RBA Resumes Rate Hikes, Lifts Hurdle to Further Tightening

RBA Resumes Rate Hikes, Lifts Hurdle to Further Tightening

Australia’s central bank resumed raising interest rates on Tuesday in a widely anticipated move, while signaling a higher hurdle to further policy tightening that pushed the local currency lower.

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(Bloomberg) — Australia’s central bank resumed raising interest rates on Tuesday in a widely anticipated move, while signaling a higher hurdle to further policy tightening that pushed the local currency lower.

The Reserve Bank increased its cash rate to a 12-year high of 4.35% and revised up its inflation forecast slightly to 3.5% by end-2024. It also edged down the predicted peak in unemployment to 4.25%, underscoring the resilience in the broader economy to the central bank’s tightening so far.

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“The board judged an increase in interest rates was warranted today to be more assured” of inflation returning to target, Governor Michele Bullock said in her post-meeting statement. “Whether further tightening of monetary policy is required to ensure that inflation returns to target in a reasonable timeframe will depend upon the data and the evolving assessment of risks.” 

Bullock’s tempering of the RBA’s tightening bias sent the Aussie dollar down 0.8% to 64.37 US cents at 5:02 pm in Sydney, and the policy-sensitive three-year government bond yields fell 3 basis points to 4.24%. 

“Today’s softer tightening bias — against the backdrop of the RBA’s consistent reluctance to hike this cycle — reinforces our view that rates will now remain on hold,” said Andrew Boak, chief economist for Australia and New Zealand at Goldman Sachs Group Ltd. “However, ultimately it will be data dependent.”

Australia’s benchmark stock index dropped as much as 0.7% in the aftermath of the rate hike, but quickly pared its losses to close down 0.3%. 

The RBA is the only developed-world central bank to raise rates since September after third-quarter inflation came in stronger than expected, suggesting it had more work to do to restrain prices.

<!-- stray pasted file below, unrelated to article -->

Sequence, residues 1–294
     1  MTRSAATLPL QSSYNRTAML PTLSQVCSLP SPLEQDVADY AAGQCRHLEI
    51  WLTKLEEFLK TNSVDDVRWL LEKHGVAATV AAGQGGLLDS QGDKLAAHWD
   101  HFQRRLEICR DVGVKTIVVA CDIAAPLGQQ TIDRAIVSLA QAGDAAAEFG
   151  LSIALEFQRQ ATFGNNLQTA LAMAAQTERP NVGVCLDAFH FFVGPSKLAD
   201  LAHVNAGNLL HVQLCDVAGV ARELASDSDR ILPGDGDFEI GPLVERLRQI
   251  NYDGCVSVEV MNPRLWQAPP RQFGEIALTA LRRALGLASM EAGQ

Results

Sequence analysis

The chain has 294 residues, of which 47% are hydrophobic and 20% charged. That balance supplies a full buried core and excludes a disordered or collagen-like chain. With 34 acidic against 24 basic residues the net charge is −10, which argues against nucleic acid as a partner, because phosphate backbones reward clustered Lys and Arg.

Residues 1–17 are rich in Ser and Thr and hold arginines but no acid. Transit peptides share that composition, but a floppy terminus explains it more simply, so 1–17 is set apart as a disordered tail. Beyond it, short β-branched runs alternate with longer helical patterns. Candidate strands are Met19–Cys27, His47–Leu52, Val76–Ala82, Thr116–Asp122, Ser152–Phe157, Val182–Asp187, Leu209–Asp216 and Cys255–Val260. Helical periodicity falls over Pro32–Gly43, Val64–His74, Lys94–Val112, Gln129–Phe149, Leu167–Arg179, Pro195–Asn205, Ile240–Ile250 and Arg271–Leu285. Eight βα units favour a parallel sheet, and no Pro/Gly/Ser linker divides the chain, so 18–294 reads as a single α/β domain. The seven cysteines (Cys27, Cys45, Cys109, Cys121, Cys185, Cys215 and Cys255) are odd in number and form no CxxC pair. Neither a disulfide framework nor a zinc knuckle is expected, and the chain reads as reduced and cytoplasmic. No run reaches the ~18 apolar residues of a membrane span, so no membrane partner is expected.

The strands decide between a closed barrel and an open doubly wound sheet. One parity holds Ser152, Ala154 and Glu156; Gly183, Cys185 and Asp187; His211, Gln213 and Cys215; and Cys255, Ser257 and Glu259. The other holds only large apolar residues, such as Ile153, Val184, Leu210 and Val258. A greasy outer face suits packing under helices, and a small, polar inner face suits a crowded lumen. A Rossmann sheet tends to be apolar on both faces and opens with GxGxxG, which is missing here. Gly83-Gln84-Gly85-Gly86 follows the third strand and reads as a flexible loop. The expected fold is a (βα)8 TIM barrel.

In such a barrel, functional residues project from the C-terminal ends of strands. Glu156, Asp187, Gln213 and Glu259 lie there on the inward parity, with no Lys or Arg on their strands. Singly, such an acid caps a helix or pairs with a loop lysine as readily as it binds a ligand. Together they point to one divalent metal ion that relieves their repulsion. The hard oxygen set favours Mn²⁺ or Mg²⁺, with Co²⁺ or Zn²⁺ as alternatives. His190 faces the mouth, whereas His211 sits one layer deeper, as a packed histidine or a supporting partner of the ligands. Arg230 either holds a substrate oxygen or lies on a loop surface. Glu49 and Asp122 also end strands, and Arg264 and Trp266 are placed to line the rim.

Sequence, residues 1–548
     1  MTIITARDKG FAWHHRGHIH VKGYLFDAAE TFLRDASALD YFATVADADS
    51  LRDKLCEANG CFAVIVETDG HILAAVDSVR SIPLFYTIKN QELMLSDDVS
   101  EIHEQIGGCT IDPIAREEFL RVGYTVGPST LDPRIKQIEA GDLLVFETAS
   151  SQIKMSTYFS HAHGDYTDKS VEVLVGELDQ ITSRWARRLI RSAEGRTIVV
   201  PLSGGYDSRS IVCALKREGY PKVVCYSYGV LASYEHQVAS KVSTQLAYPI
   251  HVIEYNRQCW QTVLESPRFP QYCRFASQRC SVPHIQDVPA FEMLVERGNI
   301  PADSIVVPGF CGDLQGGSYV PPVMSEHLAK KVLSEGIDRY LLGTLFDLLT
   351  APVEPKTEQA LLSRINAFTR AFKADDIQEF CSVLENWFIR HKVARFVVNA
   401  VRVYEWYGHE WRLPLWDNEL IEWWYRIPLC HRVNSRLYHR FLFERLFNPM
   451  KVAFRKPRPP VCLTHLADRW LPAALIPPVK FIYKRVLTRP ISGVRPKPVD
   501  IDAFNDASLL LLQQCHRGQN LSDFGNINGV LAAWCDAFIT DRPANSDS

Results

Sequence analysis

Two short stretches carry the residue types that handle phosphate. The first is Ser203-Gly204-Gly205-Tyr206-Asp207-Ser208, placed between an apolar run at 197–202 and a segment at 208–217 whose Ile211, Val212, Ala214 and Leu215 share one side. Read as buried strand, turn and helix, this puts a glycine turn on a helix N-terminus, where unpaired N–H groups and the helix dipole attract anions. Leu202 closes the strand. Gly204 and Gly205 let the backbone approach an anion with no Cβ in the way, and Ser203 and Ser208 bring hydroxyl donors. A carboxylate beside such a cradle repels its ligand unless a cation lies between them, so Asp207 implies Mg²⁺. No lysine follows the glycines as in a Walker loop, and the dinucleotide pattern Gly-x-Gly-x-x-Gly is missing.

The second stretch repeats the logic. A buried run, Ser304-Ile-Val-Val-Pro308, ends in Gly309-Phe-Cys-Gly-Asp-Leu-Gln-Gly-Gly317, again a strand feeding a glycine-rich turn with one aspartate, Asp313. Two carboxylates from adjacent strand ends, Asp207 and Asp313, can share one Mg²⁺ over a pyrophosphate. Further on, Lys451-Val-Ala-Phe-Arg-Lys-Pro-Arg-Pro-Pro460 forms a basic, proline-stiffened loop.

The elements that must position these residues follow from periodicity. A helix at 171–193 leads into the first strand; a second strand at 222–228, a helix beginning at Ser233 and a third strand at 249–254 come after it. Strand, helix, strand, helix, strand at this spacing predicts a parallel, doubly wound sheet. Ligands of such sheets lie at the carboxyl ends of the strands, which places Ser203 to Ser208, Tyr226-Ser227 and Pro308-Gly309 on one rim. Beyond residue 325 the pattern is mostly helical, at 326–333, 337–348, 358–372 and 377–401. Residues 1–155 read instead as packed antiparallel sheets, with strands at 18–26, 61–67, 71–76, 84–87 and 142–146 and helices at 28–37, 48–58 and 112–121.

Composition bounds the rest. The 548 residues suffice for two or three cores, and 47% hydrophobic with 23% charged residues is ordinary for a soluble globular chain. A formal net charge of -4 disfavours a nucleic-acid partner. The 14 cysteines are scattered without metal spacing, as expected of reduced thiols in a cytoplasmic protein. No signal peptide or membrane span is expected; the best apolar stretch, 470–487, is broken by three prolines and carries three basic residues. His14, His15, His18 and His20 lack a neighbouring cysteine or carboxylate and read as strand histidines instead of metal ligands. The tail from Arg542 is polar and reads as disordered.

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“The RBA’s decision stands in contrast to the recent decisions of the FOMC, ECB and Bank of England to hold rates,” said Luci Ellis, chief economist at Westpac Banking Corp.

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“At a deeper level, though, all of these central banks are facing similar decisions,” said Ellis, a former RBA assistant governor. “Each central bank is watching the data unfold for signs that they need to do more.” 

Inflation is now only expected to hit the top of the RBA’s 2-3% target by end-2025, from its previous forecast of 2.8%, forcing it to keep open the door to further tightening. By contrast, the Federal Reserve is seen cutting rates next year with the latest US data showing a rise in unemployment. 

While the RBA’s central forecast is for inflation to continue to ease, “progress looks to be slower than earlier expected,” Bullock said, adding that data in recent months “suggests that the risk of inflation remaining higher for longer has increased.”

The central bank will release its full suite of forecasts on Friday in its quarterly Statement on Monetary Policy.

While most economists see the RBA as having now reached its peak rate, National Australia Bank Ltd and Royal Bank of Canada are among a handful predicting at least one more hike.

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“Given the revisions to the outlook, we expect the board to form the view that a single 25 basis-point adjustment to rates is not enough to mitigate the risks on inflation – seeing a further rise, most likely in February,” economists at NAB wrote in a research note. They added that the next move could come as soon as December.

Australia has tightened at a slower pace than global counterparts, having raised rates by 4.25 percentage points compared with 5.25 points in New Zealand and the US.

The RBA’s cautious approach reflects its desire to bring the economy in for a soft landing. Bullock and her colleagues are also mindful of the impact of tightening on Australia’s highly geared borrowers who are overwhelmingly on variable rates, unlike the US where most mortgages are fixed for 30 years. 

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What Bloomberg Economics Says…

“The hike will damp an already softening economy, and the data over the rest of 2023 and early 2024 will probably shift the discussion around policy toward how soon the RBA begins reversing course”

“We think Australia’s rates cycle is now over, and the next move is down”

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— James McIntyre, economist.

For the full report, click here

Data on the economy has been mixed lately. The housing market has rebounded to near record highs, retail sales rose by more than anticipated and business confidence is still proving resilient. Also helping the economy is surging population growth that’s boosting demand for everything from housing to transport and dining out.

On the flip side, consumer sentiment is in the doldrums while the country’s tight labor market is beginning to show signs of loosening, with economists predicting the jobless rate will soon rise from the current ultra-low 3.6%. 

Bullock has acknowledged the path to cooling inflation while preserving employment gains is a “narrow” one. Her determination to stay on that path is one reason why economists expect Australia will avoid a recession.

—With assistance from Garfield Reynolds.

(Adds economists predicting another rate hike.)

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